What is driving the future of work?

By: Geoff Hardy

We’re living during a time of extreme change. The way we work is changing and there is no doubt that the pace is quickening. When we meet our clients it is clear that the ‘future of work’ is high on their agendas; understanding how changes will impact their business and thinking about the way forward.
Fail to prepare and the changes could cause challenges ahead. However, for organisations and individuals who prepare for what is coming, there are exciting opportunities to take the lead.
So what’s driving the changes?

Hardly a day goes by without one of the heavyweight newspapers carrying an article on the rise (and perils) of artificial intelligence (AI), robotics, big data or the Internet of Things. In the last month, for example, the Financial Times has highlighted the threat robotics pose to clothing manufacturing jobs in South East Asia – so called ‘Sewbots’- and also the challenges teaching robots how to do basic tasks (such as recognising and lifting shapes of different sizes).
Who knows if technology will replace humans in the workplace or be the catalyst for humans to work differently? Originally, the thinking was that machines would only complete routine work – but machine learning is advancing at such pace that jobs which require human judgement may also be impacted. A recent study by academics at Oxford and Yale Universities suggests that, in time, even careers associated with high levels of intelligence and dexterity will be performed by AI. High level machine intelligence could see robotic surgeons performing better than humans by 2053.
Whatever the timescales, there is no doubt that technology is being developed at an increasing rate and will be a dominant influence in the way people work.
New Behaviours
Life has become more transparent and instant. The impact of social media goes without saying. People expect to use the same kind of applications and consumer grade technology that they use in their personal lives at work. For example, there is a whole industry emerging to develop applications to drive employee engagement.

Generational Differences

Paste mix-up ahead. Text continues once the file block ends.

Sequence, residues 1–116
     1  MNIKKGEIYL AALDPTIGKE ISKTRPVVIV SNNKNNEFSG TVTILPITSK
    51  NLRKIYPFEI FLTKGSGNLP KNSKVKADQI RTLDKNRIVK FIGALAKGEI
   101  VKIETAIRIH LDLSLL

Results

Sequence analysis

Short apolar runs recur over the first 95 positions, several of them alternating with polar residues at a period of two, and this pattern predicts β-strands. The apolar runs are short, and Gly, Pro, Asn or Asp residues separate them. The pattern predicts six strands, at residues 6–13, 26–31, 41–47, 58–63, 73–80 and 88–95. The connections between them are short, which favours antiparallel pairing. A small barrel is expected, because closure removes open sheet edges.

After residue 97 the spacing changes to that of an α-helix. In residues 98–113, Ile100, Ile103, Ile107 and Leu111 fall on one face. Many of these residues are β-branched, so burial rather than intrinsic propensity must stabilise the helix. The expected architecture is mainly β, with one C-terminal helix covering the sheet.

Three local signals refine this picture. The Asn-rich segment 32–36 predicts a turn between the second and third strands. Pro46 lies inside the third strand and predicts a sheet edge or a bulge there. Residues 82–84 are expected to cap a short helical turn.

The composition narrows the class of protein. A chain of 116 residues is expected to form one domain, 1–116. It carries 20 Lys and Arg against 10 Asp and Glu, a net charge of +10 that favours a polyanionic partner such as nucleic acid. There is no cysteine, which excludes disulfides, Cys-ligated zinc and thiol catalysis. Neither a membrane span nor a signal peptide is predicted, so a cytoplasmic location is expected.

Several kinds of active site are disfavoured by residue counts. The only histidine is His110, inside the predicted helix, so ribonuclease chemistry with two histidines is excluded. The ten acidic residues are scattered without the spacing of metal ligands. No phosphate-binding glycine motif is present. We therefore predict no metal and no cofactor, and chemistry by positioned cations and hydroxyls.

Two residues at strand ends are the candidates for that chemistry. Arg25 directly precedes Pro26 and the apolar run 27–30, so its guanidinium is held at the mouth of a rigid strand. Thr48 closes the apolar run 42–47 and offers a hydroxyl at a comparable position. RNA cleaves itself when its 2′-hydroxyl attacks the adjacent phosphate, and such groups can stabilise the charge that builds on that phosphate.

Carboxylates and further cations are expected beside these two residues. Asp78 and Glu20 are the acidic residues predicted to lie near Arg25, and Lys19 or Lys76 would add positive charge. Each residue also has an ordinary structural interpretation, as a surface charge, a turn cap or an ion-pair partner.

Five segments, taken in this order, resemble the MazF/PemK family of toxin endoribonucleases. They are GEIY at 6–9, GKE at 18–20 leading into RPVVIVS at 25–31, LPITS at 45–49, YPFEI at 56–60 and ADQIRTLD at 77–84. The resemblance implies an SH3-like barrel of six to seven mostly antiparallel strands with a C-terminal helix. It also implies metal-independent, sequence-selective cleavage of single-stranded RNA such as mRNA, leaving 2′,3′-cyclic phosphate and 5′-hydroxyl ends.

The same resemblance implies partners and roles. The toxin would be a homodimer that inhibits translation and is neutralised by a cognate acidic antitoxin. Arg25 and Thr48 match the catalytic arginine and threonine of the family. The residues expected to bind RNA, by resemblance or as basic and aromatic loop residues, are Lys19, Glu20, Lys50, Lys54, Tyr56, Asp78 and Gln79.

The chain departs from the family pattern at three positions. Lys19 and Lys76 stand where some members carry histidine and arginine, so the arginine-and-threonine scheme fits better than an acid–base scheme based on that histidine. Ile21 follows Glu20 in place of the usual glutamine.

Attitudes to work are also being driven by generational differences. There has been volumes written about millennials and we don’t need to add to it here. Except to say, that we think the key point is that people have many more options in where and how they work, and they are much more open to the prospect of moving jobs, retraining, changing careers and working in freelance or contractor positions.
Mobility, the ability to work anywhere there is an Internet connection, is driving flexible working practices. This is also making collaboration and team working more accessible. Commentators are predicting the further rise of the number of freelancers, contractors and workers who have part-time or flexi-time type arrangements.
Here are some of the impacts:
  • The introduction of advanced technologies is presenting companies with opportunities to re-engineer business process to maximise benefit; there are an increasing number of examples of companies implementing AI solutions and reengineering end-to-end processes.
  • The way we learn is changing quickly with new technologies and approaches developing quickly.
  • As the future of work unfolds, strong leadership and change management techniques will be at a premium. Leading people through change to get their buy-in will be a key to success.
  • Employee brand and culture will increase in importance as transparency in these areas increase.
We will tackle a number of these impacts more fully over the next few weeks in dedicated blogs.


  • Gravatar Ingrid Blyth September 12, 2017

    Interesting read. The single most valuable resource for a business is people. This holds true even if you reduce your workforce in favour of robots and AI. How people are treated matters so despite understanding what motivates people to perform optimally how many organisations really try to walk the talk? Better ways of working (WOW) is something I have been interested in for some time. Change is happening, but I think it’s been a slow evolution; still more talk than action. I’ve been in the workforce 38 years; a lot has changed; I love change and the changes I have made to the way I work have been significant for me. I would say there are an awful lot of people who would like to move away from talking about work/life balance to finding roles where it can be put into action - and no one is made to feel guilty about it. In future, I see some businesses coming to a kind of internal identity crisis; they maintain a traditional corporate model that is not fabulous in terms of staff recruitment and turn over. They want to embrace new technologies and processes but they have broken cultures; their workforce is not enabled or motivated to be flexible and dynamic enough to drive it. Nothing is more certain than death, taxes …and CHANGE. Look forward to the next read.

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